So September averaged 34 hits a day on this blog, slightly down. The best day was 7 September with 70 hits. It was this 2013 post responsible for half of those: Nobel prize winner’s obituary triggers memories.
Aside from the home page, the top six posts in September have been:
Nobel prize winner’s obituary triggers memories 43 views in September 2017
Tell us, when will these things happen? 30
Friday Australian poem: #NS6 – Mary Gilmore “Old Botany Bay” 29
Taste of Xi’an Wollongong 24
More from the world of the Postal Survey 21
I’ve had my say… 15
Tomorrow, 3 October, would have been my brother’s 82nd birthday. See Ian Jeffrey Whitfield 3/10/1935 – 5/4/2017.
Stats here are down, but then you will have noticed I am not posting every day either. July stands at an average 35 visits a day, with the most viewed posts in July being:
Home page / Archives 502 views in July 2017
Taste of Xi’an Wollongong 42
Friday Australian poem: #NS6 – Mary Gilmore “Old Botany Bay” 35
Death of a hero: Liu Xiaobo 1955-2017 26
Midnight Shift bar is now history 22
Tangible link to the convict ship “Isabella” and the immigrant ship “Thames” 12
Random Friday memory 17 – Caringbah 1965 11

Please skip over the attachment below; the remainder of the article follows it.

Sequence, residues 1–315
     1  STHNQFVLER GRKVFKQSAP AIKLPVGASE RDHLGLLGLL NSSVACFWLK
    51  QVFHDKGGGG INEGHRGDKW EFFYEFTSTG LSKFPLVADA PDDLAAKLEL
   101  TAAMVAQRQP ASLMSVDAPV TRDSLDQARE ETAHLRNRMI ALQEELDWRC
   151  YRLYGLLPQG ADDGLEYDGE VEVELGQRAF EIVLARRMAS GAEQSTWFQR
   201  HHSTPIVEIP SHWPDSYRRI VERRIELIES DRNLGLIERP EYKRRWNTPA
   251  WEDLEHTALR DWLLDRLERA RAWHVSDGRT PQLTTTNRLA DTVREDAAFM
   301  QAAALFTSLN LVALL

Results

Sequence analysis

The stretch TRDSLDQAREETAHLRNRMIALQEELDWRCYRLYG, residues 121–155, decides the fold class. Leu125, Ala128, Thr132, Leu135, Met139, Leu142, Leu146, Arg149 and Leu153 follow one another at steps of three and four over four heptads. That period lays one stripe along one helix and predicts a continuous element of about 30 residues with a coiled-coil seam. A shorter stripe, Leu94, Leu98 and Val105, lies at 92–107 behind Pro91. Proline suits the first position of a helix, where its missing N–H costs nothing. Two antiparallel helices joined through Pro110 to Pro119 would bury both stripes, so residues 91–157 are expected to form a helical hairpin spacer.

June gone already! And what a time for news! 11
Voyage to Surry Hills! 10
On Indigenous Australians… 10
Random Friday memory: 1 – John Mystery, my brother, Illawong 10
More on the 2016 Oz Census 9
And an old post from Surry Hills:
The area around the corner of Elizabeth and Cleveland Streets, right by where I live, is known as “Little Lebanon”. Here’s why:
There’s Abdul’s — great for takeaway…
Lebanese bread for Abdul’s…
A mosque nearby…
… always lots of traffic on Cleveland Street …
… exotic things to see …
… and these people do a mean chicken Lebanese roll or kebab. A number of famous footballers and boxers seem to frequent Fatima’s.
As you can see, Islamophobia is not really a good look where I live…
— original photos by Neil Whitfield 2008
I spent most of May setting up a sequence of posts about the Whitfields and Christisons, my paternal and maternal lineages. If you go to Neil’s Family Specials you will be taken back to 1815 and Ireland and Scotland. Keep scrolling and the posts will take the story from convict days here in NSW through the 19th century, World War 1 and finishing in the late 1920s on the south coast of NSW where my mother and father eventually met.
Do look. I have enjoyed creating the resource, primarily for family connections but family history so often is a good way into history more generally.
Here is a letter from my great-grandmother, Sophia Jane Christison, on the occasion of the death of my grandfather, Thomas Daniel Sweeney Whitfield in 1948. You can read more about both as well as about other ancestors in that family history sequence.
For the past month I have been compiling a series of posts, mainly from 2015 but with quite a few interpolations, tracing aspects of the journeys of my Whitfield ancestors from Ireland and my Christison ancestors from Scotland. You can begin simply by going to Neil’s Family Specials and Memory Hole and scrolling down for as long as you like!
Sydney was a tad different c.1815: